“Dr. LaMotte has taught me what it means to be a compassionate physician, and she inspires me to become a better advocate for my patients and colleagues,” said Amaniampong, who worked with LaMotte to develop anti-racist curriculum for residents in the Department of Pediatrics. “She has taught me that compassionate leadership truly involves trying to walk in the shoes of others, to better understand what our patients are experiencing at a much deeper level.”
The first cohort to go through the course reported it challenged their personal growth, increased their interest in health advocacy and heightened their awareness of how provider bias affects patient outcomes. This anti-racism training will continue, thanks to funding from the PRIME grant IU School of Medicine received from the U.S. Health Resources and Services Administration to provide doctors with tools to improve care for medically underserved and vulnerable communities.
“The ultimate goal is to abrogate unconscious bias, improve tactfulness and enhance decision-making that considers broader racial-socioeconomic perspectives,” said Gerard Hills, MD, a pediatric hematology-oncology and clinical informatics fellow with IU School of Medicine.
LaMotte facilitates wellness sessions for fellows, including tips specific to minoritized individuals. She also has authored scholarly articles addressing bias in health care and ways to improve trust within the Black community.
“I cannot say enough about Dr. LaMotte and her extremely valuable commitment to diversity efforts and, honestly, her willingness to do the right thing by her patients, her colleagues and her learners,” Hills said.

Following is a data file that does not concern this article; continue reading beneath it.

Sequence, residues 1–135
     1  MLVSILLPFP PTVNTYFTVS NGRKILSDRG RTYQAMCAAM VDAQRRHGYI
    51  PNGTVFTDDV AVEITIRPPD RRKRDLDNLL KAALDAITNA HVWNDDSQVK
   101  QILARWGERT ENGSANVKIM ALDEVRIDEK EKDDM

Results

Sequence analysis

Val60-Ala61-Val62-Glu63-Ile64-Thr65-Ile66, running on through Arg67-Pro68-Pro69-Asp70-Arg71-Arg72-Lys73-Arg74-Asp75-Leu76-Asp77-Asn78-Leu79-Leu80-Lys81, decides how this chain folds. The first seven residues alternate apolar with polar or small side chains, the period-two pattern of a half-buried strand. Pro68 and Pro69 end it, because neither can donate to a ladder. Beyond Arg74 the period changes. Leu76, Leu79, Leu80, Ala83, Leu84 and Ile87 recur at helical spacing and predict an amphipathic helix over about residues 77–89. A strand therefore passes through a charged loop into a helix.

To some, DEIJ training might feel like a “checkbox,” LaMotte acknowledges, but feedback from residents indicates they see it as meaningful work. Indiana’s newest physicians are eager to grow and lead systemic change.
“I leave every session thinking the future of medicine looks good because we are engaging these conversations and moving forward,” LaMotte said.
Leading transformative change
It may seem odd that a white woman from Massachusetts would develop such passion for DEIJ work.
“Part of who I am is absolutely because of who my parents are,” LaMotte said. “Our dinner table conversations were probably very different than other dinner tables. I know very little about sports but lots about politics. My parents challenged me to think about social responsibility and doing my part to make the world a more just place.”
Her mother ran for town planning board to ensure income-restricted individuals and families would have equitable access to housing.
“She was this petite woman—the only woman on the planning board—and she taught me that, wow, you can be really powerful with your voice if you stay true to your mission and values,” LaMotte said.
While her parents were not in medical careers, LaMotte felt compelled to advance the fight for equity in the health care arena.
“I took one too many psychology classes in undergrad and realized that there was this intersection between mental health and physical health that I was just fascinated by,” said LaMotte, who graduated from Bridgewater State University and went on to earn a master’s degree and a PhD in clinical psychology from the University of Georgia.
She completed her residency at Dell Children’s Medical Center in Austin, Texas, followed by a fellowship at Children’s Hospital of Philadelphia. LaMotte joined IU School of Medicine as an assistant professor of clinical pediatrics in October 2020 and has quickly made an impact on both patient care and clinical education.
“I cannot imagine going back to a time where we did not have Julia’s sage advice, educational sessions and care models for our patients,” Hains said. “I am truly grateful that we have been so lucky to have her as part of our faculty. She has completely changed how we care for our patients.”
LaMotte, who serves as co-chair of the Diversity, Equity and Inclusion Committee for the Department of Pediatrics, is leading difficult—and long overdue—conversations through a mindful, nonjudgmental approach, Jacob noted.
“Dr. LaMotte is working to create change right where we are, making her impact on our team, our school and our community palpable,” Jacob said.
For LaMotte, one overarching goal continues to drive her passion.
“I would love for every patient who walks into our hospital system to feel that they are safe, both mentally and physically, and that their experiences are valid—that they are seen and valued for who they are,” she said.